Watch Out! Top 6 Cystic Acne Causes No One’s Telling You About

Invisible acne?

Yes, it does exist.

It’s when you know you have acne, but you can’t pinpoint exactly where. Well, that’s why it’s called invisible in the first place.


Cystic acne is more common in women than in men and we can blame hormones for that. This explains why cystic acne typically happens before or during menstrual periods or during pregnancy.

Compared to pimples, cystic acne is a type of blemish that’s deep within the skin’s surface. And though painful, I don’t suggest picking them because it will only infect the area and make matters worse.

So, how do you deal with it exactly?

The trick is in knowing what exactly causes it. Here now are the 6 top cystic acne causes you should know about.

1. Dairy Products

The first one on our list of cystic acne causes may come as a shocker for some.

Generally speaking, milk is good for us. But, since it contains components similar to that of testosterone, it can stimulate too much sebum production.

And this can easily spell trouble for your acne-prone skin.

By eliminating dairy from your diet, you’ll be able to see a huge difference in your complexion. Not kidding here.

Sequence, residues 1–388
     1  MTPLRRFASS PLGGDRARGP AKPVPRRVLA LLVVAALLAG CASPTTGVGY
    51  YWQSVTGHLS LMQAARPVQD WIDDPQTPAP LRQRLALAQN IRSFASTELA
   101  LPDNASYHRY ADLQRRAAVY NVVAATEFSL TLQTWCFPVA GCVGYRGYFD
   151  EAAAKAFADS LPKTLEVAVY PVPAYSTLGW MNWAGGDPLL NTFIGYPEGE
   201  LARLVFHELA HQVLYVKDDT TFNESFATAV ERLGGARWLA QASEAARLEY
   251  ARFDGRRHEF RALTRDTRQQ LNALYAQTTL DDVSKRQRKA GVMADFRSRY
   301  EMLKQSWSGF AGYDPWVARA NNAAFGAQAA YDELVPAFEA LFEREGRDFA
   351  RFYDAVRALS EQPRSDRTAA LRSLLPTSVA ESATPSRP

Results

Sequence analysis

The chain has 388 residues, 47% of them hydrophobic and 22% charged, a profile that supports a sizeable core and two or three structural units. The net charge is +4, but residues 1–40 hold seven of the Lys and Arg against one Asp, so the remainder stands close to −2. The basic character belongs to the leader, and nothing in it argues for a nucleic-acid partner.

But, take note:

Dairy is one of the main sources of Vitamin D and calcium. These two nutrients are essential for strong bones and teeth.

So, if you decide to cut down on dairy products, make sure to find good substitutes. You can get your calcium supply from leafy greens and other foods.

2. Too Much Sugar

There is a reason why a high-sugar diet and clear skin don’t come together.

Once ingested, sugar can cause insulin levels to rise. And when you have high insulin level, your sebum production increases and this can cause your pores to get clogged.

And what’s worse?

The most common culprits to your acne are the same foods you’re probably eating every single day. This includes sodas, ice cream, candies and fried foods.

Let me explain:

When blood sugar goes up, the body reacts by releasing more hormones called androgens. This hormone is known for stimulating oil your oil glands to produce more sebum.

So, to solve your cystic acne, it’s important for you to eliminate foods high in sugar from your diet as much as possible. Making tweaks in your diet can also increase the effectiveness of topical creams and medications.

3. Sunscreen

Wearing sunscreen is important if you don’t want to suffer from the harmful rays of the sun. But if you’re constantly getting cystic acne on the face while using one, you might want to check your sunscreen.

Fact is sunscreens are divided into two types. You have physical sunscreens and chemical sunscreens.

Wearing sunscreen is important if you don’t want to suffer from the harmful rays of the sun. But if you’re constantly getting cystic acne on the face while using one, you might want to check your sunscreen.

Fact is sunscreens are divided into two types. You have physical sunscreens and chemical sunscreens.

If you are using chemical sunscreens, they are probably the reason why your skin is breaking out.

These sunscreens are able to penetrate the skin’s deeper layers and cause problems there.